NERC’s reliability oversight is bogged down on two fronts—standard-setting and compliance oversight. Progress depends on improving unwieldy process.
NERC's Reliability Standards: The Good, the Bad, and the Fill-in-the-Blanks
How to prepare for mandatory enforcement.
on Enforcement, and they expressly hold open the prospect for substantial penalties for “egregious conduct” by violators, including attempts to conceal violations.
Penalties for Non-Compliance
Under the authority of FPA § 215, the ERO, or a regional entity, may impose a penalty on an entity for a violation of a reliability standard approved by FERC if the ERO or the regional entity: (1) finds that the entity has violated a reliability standard; and (2) the ERO files notice and the record of the ERO’s or regional entity’s proceeding with FERC. 8 FERC stated in its Final Rule that an appeals process at the ERO or regional entity level is appropriate and found that there should be a single appeal at either the ERO or the regional entity level. NERC, in its application to become the ERO, stated that it believes any appeal of a compliance or enforcement action should take place at the ERO level.
The Final Rule provides that the ERO and each regional entity must have a program that provides for rigorous audits of compliance with reliability standards by users, owners, and operators of the bulk power system. Other important aspects of the reliability compliance and enforcement program include:
• Self-Regulating Programs. FERC will require the ERO to make a compliance filing no later than one year from the date of certification proposing reliability enhancement programs that are industry-driven to improve bulk power system reliability, along with a program implementation schedule. 9
• Compliance Directives. FERC stated in the Final Rule that the ERO or regional entity may conclude, based on the evidence available to it, that an entity is violating or is about to violate a reliability standard, and in such case the ERO or regional entity may issue a compliance directive. Such compliance directives may establish a timetable for compliance. The ERO or regional entity must inform FERC of any compliance directives.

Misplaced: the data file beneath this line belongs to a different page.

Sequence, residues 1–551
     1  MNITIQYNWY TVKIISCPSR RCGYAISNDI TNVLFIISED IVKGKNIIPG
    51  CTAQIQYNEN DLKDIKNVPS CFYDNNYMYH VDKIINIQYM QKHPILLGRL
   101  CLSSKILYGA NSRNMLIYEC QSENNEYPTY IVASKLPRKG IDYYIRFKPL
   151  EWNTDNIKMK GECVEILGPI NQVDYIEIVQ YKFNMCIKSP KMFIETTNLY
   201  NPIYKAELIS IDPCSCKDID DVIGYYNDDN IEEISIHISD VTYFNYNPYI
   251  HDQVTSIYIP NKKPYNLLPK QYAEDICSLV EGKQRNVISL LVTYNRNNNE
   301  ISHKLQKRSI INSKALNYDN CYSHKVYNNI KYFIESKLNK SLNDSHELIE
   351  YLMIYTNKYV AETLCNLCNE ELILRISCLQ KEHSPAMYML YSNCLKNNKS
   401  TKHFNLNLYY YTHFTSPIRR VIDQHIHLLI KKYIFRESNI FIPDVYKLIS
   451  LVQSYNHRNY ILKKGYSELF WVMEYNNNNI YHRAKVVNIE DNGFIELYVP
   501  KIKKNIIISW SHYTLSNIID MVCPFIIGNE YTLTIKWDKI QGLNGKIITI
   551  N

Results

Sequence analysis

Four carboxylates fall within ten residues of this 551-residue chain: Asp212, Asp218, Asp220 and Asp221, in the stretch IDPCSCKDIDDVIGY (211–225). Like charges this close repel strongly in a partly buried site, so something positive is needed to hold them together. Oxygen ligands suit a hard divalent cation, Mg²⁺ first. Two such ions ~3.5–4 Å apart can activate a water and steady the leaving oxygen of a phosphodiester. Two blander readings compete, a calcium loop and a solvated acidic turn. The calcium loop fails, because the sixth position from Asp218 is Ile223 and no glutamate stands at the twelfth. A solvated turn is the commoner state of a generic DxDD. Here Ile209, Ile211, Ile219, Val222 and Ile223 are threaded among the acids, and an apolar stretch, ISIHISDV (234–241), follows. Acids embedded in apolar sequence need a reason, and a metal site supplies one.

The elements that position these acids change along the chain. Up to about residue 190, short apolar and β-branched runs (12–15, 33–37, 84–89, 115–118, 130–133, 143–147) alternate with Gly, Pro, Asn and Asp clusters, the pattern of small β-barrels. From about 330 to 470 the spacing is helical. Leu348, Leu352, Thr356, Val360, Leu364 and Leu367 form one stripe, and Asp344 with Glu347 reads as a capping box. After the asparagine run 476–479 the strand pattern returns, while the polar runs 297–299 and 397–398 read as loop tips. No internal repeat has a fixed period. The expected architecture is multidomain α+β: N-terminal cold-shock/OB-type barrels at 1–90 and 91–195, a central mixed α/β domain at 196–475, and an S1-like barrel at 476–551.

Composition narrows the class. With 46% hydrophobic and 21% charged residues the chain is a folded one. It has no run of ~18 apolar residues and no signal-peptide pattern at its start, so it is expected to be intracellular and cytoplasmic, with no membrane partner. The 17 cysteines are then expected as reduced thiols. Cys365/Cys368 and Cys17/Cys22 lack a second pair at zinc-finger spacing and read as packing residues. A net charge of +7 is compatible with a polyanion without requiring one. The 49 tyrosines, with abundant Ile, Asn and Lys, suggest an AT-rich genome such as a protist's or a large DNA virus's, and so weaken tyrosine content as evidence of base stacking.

• Penalty Guidelines. FERC concluded in the Final Rule that penalty guidelines, to be developed by the ERO and approved by FERC, should provide a predictable, uniform and rational approach to the imposition of penalties. Such guidelines would help ensure that a penalty bears a reasonable relation to the seriousness of the violation. Thus, the Final Rule requires the ERO to develop, and submit to FERC for approval, penalty guidelines that identify a range of non-monetary and monetary penalties to be applied by the ERO or a regional entity for determining the appropriate penalty for the violation of a reliability standard. 10 Regional entities should adopt the ERO’s penalty guidelines, with changes or supplements only as necessary to reflect regional differences in a reliability standard. The ERO must approve any such changes by a regional entity and the ERO must submit them to FERC for approval. 11
Ways to Ensure Compliance
The new reliability regime created by EPACT and now taking shape through FERC’s Final Rule, the forthcoming establishment of the ERO, and the promulgation of mandatory reliability standards, will require utilities and other bulk power system users, owners, and operators to develop policies and procedures